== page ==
Science, you are not giving us a lot to work with here. Vitamin C won’t help us fight off a cold, apparently. Neither will Vitamin D, it turns out. Presumably all the other vitamins are equally useless. And now antibiotics are definitely out:

A new study shows that although most people think a cough ought to last no more than a week or so, the duration of the most annoying symptom of winter illness is about 18 days — and could be more than three weeks.

The trouble is, antibiotics aren’t actually the solution for most of the 3 million outpatient cases in the U.S. each year in which cough is the chief complaint, or for the more than 4.5 million outpatient cases diagnosed as acute bronchitis or bronchiolitis. More than 90 percent of such cases are viral, not bacterial, which means they won’t respond to the drugs most folks request, according to the Centers for Disease Control and Prevention.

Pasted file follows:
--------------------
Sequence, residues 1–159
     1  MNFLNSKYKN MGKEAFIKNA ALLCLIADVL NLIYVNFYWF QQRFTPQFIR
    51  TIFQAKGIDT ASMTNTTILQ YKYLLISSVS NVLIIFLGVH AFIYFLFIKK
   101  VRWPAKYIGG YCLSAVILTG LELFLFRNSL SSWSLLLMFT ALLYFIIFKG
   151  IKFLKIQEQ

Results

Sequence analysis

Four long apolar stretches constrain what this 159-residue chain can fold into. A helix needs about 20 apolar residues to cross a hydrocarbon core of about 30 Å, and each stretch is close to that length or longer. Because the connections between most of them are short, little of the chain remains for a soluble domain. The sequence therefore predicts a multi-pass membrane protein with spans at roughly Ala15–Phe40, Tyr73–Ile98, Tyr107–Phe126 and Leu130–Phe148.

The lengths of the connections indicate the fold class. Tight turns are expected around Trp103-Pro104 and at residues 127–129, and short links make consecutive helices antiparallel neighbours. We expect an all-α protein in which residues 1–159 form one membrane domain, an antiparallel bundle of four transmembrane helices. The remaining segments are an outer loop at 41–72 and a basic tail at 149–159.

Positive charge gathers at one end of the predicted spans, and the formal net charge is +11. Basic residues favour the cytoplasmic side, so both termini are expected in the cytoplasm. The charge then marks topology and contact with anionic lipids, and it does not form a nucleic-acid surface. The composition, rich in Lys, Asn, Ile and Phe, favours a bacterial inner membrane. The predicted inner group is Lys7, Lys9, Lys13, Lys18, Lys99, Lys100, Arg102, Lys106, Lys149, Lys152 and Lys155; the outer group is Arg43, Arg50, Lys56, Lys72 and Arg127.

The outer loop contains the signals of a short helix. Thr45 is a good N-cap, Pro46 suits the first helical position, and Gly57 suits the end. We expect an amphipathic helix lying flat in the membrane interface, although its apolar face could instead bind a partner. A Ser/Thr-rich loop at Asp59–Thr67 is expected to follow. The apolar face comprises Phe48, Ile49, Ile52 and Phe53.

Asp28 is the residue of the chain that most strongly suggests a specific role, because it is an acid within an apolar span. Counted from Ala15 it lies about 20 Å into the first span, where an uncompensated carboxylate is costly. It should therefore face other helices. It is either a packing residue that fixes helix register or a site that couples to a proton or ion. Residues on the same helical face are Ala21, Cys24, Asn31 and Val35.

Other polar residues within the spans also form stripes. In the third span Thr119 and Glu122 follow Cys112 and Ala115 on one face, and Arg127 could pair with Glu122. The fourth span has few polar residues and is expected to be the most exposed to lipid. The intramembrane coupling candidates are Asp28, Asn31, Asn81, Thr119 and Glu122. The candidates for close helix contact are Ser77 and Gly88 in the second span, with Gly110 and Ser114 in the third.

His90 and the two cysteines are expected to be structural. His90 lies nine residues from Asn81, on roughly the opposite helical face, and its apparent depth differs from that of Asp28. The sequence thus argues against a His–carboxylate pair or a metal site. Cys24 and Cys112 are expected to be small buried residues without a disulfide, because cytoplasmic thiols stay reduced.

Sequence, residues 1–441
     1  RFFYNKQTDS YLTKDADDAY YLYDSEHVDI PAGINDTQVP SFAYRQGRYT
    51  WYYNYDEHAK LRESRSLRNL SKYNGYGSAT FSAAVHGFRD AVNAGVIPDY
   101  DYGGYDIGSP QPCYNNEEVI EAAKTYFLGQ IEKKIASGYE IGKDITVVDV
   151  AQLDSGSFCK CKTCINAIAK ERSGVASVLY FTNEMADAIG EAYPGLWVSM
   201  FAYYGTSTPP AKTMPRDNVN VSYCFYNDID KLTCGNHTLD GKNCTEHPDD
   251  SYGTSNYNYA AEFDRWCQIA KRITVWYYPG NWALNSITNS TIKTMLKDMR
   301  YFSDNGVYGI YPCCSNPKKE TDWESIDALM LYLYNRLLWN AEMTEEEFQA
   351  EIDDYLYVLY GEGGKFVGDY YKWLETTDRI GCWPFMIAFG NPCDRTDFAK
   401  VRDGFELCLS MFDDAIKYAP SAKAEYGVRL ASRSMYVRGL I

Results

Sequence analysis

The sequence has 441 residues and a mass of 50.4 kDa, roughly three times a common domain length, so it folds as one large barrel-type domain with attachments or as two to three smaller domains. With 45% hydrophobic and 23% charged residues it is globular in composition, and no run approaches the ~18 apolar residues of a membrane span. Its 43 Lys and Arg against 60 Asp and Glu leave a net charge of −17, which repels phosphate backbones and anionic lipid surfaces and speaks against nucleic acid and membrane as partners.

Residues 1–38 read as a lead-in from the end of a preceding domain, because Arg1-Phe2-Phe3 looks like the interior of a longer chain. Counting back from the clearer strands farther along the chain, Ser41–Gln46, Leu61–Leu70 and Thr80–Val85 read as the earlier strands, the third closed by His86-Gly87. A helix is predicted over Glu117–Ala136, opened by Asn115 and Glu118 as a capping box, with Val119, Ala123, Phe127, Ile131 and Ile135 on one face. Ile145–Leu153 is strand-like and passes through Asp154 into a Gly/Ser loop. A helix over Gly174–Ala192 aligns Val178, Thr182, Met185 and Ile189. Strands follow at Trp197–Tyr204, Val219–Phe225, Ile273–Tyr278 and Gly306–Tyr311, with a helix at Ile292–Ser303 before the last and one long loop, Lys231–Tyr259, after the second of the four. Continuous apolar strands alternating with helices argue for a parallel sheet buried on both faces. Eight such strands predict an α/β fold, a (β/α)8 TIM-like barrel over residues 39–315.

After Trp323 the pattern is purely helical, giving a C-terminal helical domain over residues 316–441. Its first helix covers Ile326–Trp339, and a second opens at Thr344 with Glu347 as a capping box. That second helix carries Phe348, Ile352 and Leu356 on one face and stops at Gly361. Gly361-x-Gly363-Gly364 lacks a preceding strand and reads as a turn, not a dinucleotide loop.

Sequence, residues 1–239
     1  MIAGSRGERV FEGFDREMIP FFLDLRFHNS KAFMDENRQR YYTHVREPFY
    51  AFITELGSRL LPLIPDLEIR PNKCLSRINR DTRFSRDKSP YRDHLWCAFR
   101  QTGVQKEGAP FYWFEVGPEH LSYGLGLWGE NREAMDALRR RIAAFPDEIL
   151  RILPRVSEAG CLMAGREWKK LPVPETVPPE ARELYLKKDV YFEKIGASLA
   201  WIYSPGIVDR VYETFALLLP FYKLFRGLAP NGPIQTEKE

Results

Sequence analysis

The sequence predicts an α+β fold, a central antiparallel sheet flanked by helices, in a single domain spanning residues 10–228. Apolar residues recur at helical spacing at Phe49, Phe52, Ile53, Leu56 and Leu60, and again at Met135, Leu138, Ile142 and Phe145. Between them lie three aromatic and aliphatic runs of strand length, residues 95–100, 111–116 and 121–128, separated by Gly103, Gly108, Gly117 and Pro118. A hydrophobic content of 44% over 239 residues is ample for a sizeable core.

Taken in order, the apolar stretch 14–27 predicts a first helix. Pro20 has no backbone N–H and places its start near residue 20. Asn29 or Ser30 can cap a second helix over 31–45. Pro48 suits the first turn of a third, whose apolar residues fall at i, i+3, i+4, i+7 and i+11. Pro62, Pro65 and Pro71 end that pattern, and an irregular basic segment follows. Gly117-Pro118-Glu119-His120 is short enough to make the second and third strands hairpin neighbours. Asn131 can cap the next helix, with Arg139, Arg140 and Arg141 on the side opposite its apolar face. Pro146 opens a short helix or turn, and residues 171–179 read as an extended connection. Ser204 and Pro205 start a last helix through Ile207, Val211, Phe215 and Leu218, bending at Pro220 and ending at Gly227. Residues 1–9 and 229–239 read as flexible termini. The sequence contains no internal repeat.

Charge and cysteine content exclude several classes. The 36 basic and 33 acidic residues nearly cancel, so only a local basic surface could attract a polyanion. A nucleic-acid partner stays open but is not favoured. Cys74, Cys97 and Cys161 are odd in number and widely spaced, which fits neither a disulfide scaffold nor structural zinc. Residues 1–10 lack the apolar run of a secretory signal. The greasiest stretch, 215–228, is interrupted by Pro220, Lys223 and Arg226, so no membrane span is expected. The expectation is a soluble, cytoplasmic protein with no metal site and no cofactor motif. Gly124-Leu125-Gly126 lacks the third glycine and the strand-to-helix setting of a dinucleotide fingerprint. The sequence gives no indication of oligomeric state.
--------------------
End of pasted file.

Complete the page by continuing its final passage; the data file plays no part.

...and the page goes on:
This fatalistic attitude is not helping. You gotta give us something to believe in. I haven’t been able to breathe out of my nose for four days. Four days! How much longer will this madness continue?

When he surveyed nearly 500 Georgia residents by phone, he found that they predicted that a cough would last between five days and nine days, but generally about a week, depending on the scenario.

A review of 19 published medical studies, however, revealed that the mean duration of any cough was 17.8 days, with a range of 15.3 to 28.6 days.

28.6 days. 28.6 days. Look, I don’t want to contribute to antibiotic-resistant disease any more than the next person, but if I have to live with this for another 24 days I am going to take every drug I can find in the nearest pharmacy and just hope for the best, or for distracting side effects.

[Image via Wikimedia Commons]